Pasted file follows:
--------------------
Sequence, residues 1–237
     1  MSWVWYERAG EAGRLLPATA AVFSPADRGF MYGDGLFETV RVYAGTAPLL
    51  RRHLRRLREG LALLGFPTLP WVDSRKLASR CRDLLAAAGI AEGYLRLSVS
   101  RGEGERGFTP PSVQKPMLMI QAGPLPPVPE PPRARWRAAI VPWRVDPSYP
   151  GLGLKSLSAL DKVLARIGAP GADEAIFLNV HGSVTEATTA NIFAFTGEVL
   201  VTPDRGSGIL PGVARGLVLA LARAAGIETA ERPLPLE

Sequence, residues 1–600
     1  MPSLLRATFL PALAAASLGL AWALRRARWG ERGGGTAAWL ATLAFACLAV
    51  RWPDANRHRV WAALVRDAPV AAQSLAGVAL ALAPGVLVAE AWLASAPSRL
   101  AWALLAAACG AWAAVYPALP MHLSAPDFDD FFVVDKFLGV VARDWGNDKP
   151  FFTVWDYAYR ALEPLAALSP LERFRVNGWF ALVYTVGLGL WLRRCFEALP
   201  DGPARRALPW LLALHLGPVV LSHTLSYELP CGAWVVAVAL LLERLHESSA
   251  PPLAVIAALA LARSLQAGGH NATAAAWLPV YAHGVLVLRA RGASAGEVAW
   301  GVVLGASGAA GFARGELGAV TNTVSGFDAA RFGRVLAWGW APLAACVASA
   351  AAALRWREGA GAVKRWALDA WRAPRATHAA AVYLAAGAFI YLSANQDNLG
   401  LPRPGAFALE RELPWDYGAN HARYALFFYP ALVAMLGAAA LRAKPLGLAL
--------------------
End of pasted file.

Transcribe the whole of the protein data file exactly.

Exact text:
Sequence, residues 1–237
     1  MSWVWYERAG EAGRLLPATA AVFSPADRGF MYGDGLFETV RVYAGTAPLL
    51  RRHLRRLREG LALLGFPTLP WVDSRKLASR CRDLLAAAGI AEGYLRLSVS
   101  RGEGERGFTP PSVQKPMLMI QAGPLPPVPE PPRARWRAAI VPWRVDPSYP
   151  GLGLKSLSAL DKVLARIGAP GADEAIFLNV HGSVTEATTA NIFAFTGEVL
   201  VTPDRGSGIL PGVARGLVLA LARAAGIETA ERPLPLE

Sequence, residues 1–600
     1  MPSLLRATFL PALAAASLGL AWALRRARWG ERGGGTAAWL ATLAFACLAV
    51  RWPDANRHRV WAALVRDAPV AAQSLAGVAL ALAPGVLVAE AWLASAPSRL
   101  AWALLAAACG AWAAVYPALP MHLSAPDFDD FFVVDKFLGV VARDWGNDKP
   151  FFTVWDYAYR ALEPLAALSP LERFRVNGWF ALVYTVGLGL WLRRCFEALP
   201  DGPARRALPW LLALHLGPVV LSHTLSYELP CGAWVVAVAL LLERLHESSA
   251  PPLAVIAALA LARSLQAGGH NATAAAWLPV YAHGVLVLRA RGASAGEVAW
   301  GVVLGASGAA GFARGELGAV TNTVSGFDAA RFGRVLAWGW APLAACVASA
   351  AAALRWREGA GAVKRWALDA WRAPRATHAA AVYLAAGAFI YLSANQDNLG
   401  LPRPGAFALE RELPWDYGAN HARYALFFYP ALVAMLGAAA LRAKPLGLAL